The first urologist did a cystoscopy, which was extremely painful when passed thru the prostatic area. He found that the prostate was enlarged, inflamed, and pushing into my bladder, but the bladder was otherwise normal. The same day he did a transrectal ultrasound which show a hyper echoic “area of concern” in the left base. This procedure also increased the pain when pressure was applied by the instrument.
After the exams, he sat down and discussed with us that he really didn’t know what the area was or what was causing it. After discussing it with his colleagues, he decided to do a transrectal prostate biopsy and perform another cystoscopy under sedation. The biopsy results showed benign prostatic tissue and focal chronic inflammation. The cystoscopy results were the same as the first. The urologist then told us that we would now have to figure out a way to manage the pain, because “you may have been born this way” and “you can’t remove a prostate for prostatitis” That was obviously unacceptable to me.
Now the pain was getting unbearable – my whole pelvic area hurt. I was still on antibiotics, and had several urine cultures, a prostatic massage fluid culture, semen culture, and the actual biopsy was cultured. They all came back with scant growth of possible contaminants and were therefore overlooked. A feeling of helplessness came over me. How could years of pain, fatigue, and feeling sick just be a problem I was born with, especially considering it didn’t start until I was 25?
So I went to a new urologist, for another opinion. He started me on new antibiotics and high-dose anti-inflammatory which gave me zero relief. He then gave me two antibiotic treatments via injections which gave me zero relief. He did a DRE and reported that my prostate was three-times the size it should be for someone my age. I also pointed out a swelling in the pubic region, that appears to be fluid build up. He speculated that I may have a stricture in my prostatic urethra that causes the normal laminar flow to be turbulent and causes the inflammation. He did a (third) cystoscopy and found some narrowing in the prostatic urethra and therefore made a few incisions and performed a urethral incision. He also told my wife post-op, that he has never seen a prostate that red and inflamed in all of his practicing (21 years), but he didn’t feel that it was infectious. Really he just seemed a little confused.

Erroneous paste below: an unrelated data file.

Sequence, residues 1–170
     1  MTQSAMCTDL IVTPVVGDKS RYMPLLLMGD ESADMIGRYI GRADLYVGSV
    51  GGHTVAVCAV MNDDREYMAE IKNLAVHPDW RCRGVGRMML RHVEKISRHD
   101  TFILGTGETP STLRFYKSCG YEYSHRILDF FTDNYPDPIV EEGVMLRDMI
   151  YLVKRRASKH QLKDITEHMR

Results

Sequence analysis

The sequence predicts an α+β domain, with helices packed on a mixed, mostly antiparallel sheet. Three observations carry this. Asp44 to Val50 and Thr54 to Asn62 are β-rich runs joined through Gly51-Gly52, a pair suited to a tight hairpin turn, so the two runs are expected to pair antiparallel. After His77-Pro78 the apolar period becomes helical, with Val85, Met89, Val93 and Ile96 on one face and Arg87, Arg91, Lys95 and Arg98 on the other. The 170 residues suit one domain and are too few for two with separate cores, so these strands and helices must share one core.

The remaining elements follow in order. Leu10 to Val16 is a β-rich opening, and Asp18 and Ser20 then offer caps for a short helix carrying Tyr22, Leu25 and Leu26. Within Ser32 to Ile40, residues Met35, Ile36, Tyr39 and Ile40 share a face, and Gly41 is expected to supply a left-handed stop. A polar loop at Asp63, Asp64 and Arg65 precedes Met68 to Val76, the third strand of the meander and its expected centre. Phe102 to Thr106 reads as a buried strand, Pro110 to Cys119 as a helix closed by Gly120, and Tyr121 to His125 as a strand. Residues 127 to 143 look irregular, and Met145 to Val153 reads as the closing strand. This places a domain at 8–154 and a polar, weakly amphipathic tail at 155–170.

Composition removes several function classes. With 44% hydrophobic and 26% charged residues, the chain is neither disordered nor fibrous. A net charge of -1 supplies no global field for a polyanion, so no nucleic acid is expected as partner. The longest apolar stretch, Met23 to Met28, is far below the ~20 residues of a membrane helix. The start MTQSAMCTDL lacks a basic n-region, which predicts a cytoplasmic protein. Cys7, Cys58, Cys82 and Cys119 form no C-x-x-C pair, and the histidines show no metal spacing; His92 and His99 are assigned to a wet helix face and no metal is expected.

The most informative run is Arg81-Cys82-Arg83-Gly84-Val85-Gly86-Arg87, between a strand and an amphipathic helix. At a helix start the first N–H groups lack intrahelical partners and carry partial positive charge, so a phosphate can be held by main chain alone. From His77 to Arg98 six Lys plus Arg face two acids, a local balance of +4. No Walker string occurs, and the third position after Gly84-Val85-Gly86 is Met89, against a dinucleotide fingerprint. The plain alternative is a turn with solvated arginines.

The pain only got worse. So to sum it all up, it seemed as though I had spent years focusing on the pain in my low back, and everything else had been missed or ignored be me and by doctors. For six years I was not able to sit in a car, ride my motorcycle, go out to eat, or go to a movie without significant pain increase. But it got so bad that I couldn’t walk to the mailbox, sit in the recliner, or empty the dishwasher without significant pain increase. My quality of life diminished quickly.
Fortunately, my wife found information about treatment with laparoscopic prostatectomy. Given my situation – my life was misery – I knew that I had nothing to lose, and that the possible benefits far outweighed the risks to me.
So in May 2009, I had prostatectomy for prostatitis. It is no understatement that Dr. Krongrad, Hope, Ruth, and the staff at the hospital were amazing. Everything went smoothly.
After the surgery, I immediately felt like the deep ache straight in from my butt was gone. It finally felt as though I wasn’t sitting on something. But me being let down from multiple surgeries prior, was still scared to “jinx” myself by saying so. There was pain after surgery as with any, and I very much disliked having a catheter for 14 days. Also, taking only Tylenol did not alleviate any of the post-surgery pain as I had been on high-dose pain killers for years. It was worth it!
Post-catheter I had very rare incontinence in the first month, and only wore pads at night for a few weeks. The most important lesson we learned is that time heals. The pain decreased within the first few weeks, and continued to decrease through the months. Erections were slow to come back, but Dr. Krongrad reassured us that we were right on track.
I am now 2 years out from surgery and my CPSI score is down from a preoperative score of 39 to a current score of 1. All signs of prostate pain and symptoms are gone. I have NO incontinence. And my erections are 100%.
My prostate problems are a thing of the past. I could not have dreamed of a better outcome.